Student Spotlight: Aleah Butler-Jones

February 19, 2024

Aleah Butler-Jones is a M.S./Ph.D. student in horticulture from South Orange and Orange, New Jersey. She earned her B.S. in agricultural sciences from Cornell University, and now studies Palmer amaranth as well as electrical weeding’s impact on agroecosystems under the guidance of Lynn Sosnoskie at Cornell.

What is your area of research and why is it important?

My master’s research focuses on Palmer amaranth, an extremely troublesome weed commonly found across the U.S. Midwest, South, and Mid-Atlantic. My work confirms the presence of glyphosate-resistant Palmer amaranth in New York and evaluates its sensitivity to other active ingredients used in New York agricultural production. My Ph.D. research examines electrical weeding, a novel weed management technology, and its impact on weed and soil biological communities. In addition, I plan to evaluate the mechanism behind electrical weeding. Understanding this novel technology and its impact on surrounding agroecosystems is crucial to its successful integration into agricultural production systems.

What are the larger implications of this research?

New York state is in the early stages of glyphosate-resistant Palmer amaranth’s spread. While eradication may still be possible, it will require rapid institution of a regulatory framework, access to funds, and collaboration between various partners. Herbicide resistant weeds pose many challenges to growers, and therefore require alternative and integrated approaches to address the threat they pose. Electrical weeding is in its nascent stage. This presents a unique opportunity to proactively evaluate the forces that this novel technology may exert on weed and soil biological communities prior to its wider adoption.

How did you become interested in your field of study?

I grew up loving the outdoors and tending to my mother’s extensive garden. This, along with on-farm experiences, inspired me to study agriculture in undergrad. Fortunately, I loved this field of study from the beginning. While I knew early on that I wanted to work with crop production, I was not sure in what capacity. In summer 2017, I was introduced to weed science through participating in the Cornell Weed Science Team. It was a great experience and further coursework in the subject cemented my interest in weeds. I’m still fascinated by these resilient organisms.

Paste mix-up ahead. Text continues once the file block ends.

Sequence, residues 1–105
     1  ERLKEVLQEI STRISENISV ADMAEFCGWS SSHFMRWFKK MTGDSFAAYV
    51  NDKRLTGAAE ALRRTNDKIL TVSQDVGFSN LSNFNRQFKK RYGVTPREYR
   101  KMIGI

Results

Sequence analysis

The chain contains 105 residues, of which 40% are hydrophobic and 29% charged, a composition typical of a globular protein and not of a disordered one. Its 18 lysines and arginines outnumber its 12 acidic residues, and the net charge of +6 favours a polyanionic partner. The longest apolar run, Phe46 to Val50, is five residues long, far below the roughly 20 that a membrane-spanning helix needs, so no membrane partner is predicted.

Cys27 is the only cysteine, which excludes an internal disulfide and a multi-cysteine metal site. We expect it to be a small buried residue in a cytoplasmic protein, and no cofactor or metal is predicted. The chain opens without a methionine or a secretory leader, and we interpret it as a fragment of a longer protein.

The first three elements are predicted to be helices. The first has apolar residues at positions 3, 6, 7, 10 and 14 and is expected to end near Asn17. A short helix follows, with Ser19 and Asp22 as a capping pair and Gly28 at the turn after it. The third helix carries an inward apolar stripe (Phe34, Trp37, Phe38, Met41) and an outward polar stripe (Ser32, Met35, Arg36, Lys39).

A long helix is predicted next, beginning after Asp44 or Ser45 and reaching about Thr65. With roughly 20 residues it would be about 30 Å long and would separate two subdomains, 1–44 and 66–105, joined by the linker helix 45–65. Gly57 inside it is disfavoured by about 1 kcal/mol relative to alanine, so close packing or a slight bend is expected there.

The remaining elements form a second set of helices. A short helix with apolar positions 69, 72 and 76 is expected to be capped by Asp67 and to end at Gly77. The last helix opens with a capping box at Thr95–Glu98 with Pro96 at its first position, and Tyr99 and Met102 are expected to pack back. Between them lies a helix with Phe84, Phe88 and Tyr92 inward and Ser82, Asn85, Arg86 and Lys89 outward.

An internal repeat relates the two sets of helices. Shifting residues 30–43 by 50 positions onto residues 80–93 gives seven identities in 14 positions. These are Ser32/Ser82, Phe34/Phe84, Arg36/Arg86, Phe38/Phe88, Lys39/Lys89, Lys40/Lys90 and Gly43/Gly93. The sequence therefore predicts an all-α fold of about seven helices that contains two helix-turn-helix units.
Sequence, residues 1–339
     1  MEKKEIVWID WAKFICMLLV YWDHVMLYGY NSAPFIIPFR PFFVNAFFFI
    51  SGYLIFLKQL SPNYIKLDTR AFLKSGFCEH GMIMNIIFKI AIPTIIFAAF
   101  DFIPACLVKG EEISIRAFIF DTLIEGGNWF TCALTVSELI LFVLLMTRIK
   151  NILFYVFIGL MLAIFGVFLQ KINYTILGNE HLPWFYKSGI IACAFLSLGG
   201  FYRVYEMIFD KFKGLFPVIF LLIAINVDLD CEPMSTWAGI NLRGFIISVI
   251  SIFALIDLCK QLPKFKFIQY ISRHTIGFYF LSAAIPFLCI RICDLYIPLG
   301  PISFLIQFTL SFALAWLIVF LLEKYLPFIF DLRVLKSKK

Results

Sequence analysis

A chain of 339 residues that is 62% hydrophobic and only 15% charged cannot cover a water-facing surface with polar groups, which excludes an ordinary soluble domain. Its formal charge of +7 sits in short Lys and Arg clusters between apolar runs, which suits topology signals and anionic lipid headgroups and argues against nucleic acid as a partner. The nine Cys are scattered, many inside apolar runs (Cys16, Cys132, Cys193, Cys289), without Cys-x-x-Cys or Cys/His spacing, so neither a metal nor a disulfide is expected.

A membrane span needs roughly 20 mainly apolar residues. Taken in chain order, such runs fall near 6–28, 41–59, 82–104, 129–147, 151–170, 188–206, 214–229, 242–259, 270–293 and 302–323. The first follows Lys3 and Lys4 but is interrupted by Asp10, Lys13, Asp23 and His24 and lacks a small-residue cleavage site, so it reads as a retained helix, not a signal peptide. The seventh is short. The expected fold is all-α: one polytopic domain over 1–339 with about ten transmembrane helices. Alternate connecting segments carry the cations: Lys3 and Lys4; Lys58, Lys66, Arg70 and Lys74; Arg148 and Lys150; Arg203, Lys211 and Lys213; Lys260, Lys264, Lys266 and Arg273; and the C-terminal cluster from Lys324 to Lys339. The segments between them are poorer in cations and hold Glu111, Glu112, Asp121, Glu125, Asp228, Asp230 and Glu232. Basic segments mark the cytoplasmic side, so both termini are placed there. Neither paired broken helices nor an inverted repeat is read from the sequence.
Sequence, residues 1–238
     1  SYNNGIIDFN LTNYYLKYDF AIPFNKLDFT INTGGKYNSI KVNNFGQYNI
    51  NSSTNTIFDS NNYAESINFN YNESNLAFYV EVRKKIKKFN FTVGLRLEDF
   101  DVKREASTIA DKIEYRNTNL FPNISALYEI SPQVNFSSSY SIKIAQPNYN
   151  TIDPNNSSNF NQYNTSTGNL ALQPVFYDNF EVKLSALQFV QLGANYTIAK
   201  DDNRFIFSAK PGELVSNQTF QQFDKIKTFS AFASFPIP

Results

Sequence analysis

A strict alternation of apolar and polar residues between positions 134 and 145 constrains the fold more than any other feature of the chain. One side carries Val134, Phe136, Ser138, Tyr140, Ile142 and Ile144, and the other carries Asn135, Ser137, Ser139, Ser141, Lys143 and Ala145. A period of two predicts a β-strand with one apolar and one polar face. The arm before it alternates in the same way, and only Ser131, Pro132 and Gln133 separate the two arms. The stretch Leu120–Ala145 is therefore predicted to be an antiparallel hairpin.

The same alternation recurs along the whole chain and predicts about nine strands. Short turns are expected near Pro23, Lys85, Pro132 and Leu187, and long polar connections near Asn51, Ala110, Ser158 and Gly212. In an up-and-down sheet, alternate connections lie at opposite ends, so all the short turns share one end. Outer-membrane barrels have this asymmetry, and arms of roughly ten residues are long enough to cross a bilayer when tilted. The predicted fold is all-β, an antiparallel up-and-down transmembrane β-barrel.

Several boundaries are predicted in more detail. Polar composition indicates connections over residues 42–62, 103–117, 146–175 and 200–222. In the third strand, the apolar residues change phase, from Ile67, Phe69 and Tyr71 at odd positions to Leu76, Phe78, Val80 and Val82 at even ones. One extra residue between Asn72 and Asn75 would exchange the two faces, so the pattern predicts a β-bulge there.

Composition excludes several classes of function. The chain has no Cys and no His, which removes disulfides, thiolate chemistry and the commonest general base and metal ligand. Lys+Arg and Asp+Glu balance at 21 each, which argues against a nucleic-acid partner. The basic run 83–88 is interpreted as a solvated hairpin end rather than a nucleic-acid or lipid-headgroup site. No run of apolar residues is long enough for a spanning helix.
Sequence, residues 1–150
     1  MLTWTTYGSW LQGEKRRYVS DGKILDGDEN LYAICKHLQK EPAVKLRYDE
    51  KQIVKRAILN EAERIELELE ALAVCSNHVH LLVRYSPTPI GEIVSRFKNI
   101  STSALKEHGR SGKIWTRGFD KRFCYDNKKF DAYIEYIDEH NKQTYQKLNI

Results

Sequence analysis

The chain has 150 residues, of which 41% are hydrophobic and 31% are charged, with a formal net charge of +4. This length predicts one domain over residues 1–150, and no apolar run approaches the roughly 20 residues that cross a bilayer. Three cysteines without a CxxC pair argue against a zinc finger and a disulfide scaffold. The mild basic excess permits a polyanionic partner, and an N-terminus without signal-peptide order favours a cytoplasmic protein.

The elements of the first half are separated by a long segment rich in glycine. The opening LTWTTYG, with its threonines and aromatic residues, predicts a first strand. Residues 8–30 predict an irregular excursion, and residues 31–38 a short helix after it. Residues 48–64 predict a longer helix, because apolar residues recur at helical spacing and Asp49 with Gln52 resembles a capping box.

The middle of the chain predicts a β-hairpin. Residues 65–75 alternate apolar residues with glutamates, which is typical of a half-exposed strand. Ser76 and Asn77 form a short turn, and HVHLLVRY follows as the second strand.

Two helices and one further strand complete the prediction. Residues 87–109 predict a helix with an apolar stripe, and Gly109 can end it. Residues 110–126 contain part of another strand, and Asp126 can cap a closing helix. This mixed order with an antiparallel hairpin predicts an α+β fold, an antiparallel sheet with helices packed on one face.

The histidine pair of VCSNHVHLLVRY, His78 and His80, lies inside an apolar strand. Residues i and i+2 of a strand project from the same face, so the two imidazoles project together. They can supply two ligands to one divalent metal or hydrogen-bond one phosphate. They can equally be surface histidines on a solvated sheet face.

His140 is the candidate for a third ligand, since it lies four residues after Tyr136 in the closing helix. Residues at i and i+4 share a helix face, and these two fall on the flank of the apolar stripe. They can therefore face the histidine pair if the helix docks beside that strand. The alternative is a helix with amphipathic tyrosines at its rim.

You won the 2024 Northeastern Weed Science Society’s graduate student paper contest. What does this mean to you?

It was a great honor! While it was only my second time attending the Northeastern Weed Science Society’s (NEWSS) annual conference, I’ve engaged with the society since undergrad primarily through Collegiate Weed Science Contests. NEWSS and the Weed Science Society of America (WSSA) are great societies that offer many opportunities for early-career weed scientists to connect, share our work, and improve upon our ability to effectively communicate. My win only motivates me to be more involved in these scientific societies.

You recently participated in a roundtable with the USDA deputy secretary. Can you talk about this experience?

While representatives from several groups ranging from scientists to growers to public servants were present, I was one of two graduate students invited to a roundtable discussion with Deputy Secretary Xochitl Torres Small at Cornell AgriTech in December 2023. It was great to hear a range of perspectives from different players within New York agriculture and how it relates to wider U.S. agricultural policy and federal initiatives. The experience reinforced the idea that agriculture is still one of the bedrocks of our society and directly impacts many of society’s facets.

President Pollack has designated this academic year’s theme as freedom of expression. What does freedom of expression mean to you?

We grow best when exposed to new ideas, perspectives, and approaches. As scientists, we must identify and address the challenges facing our world. This cannot adequately or effectively be achieved without identifying or understanding the problem. Our stakeholders need to feel that they can be truly honest and open about their circumstances even if it is uncomfortable to hear. Freedom of expression is central to building that trust.

What are your hobbies or interests outside of your research or scholarship?

Outside of my research, I’m involved in a few endeavors. I volunteer at Elmira Community Cycle, a volunteer-run, educational bike workspace. I love being on the water and am focused on sailing as of late. In addition, I enjoy seeing live music, flying kites, finding good deals at estate sales, and sending cards and letters to friends and other loved ones.

Why did you choose Cornell to pursue your degree?

Cornell has a long history as a leader in plant science research. In addition to this, the facilities and resources available on the Ithaca campus and at Cornell AgriTech provide many opportunities to conduct novel and impactful research across the basic-applied spectrum. Finally, I stayed at Cornell for the opportunity to work with and be mentored by my PI, Lynn Sosnoskie. She brings a wealth of experience from a range of cropping systems across the United States. I have truly grown as a scientist through my education at Cornell and under her tutelage.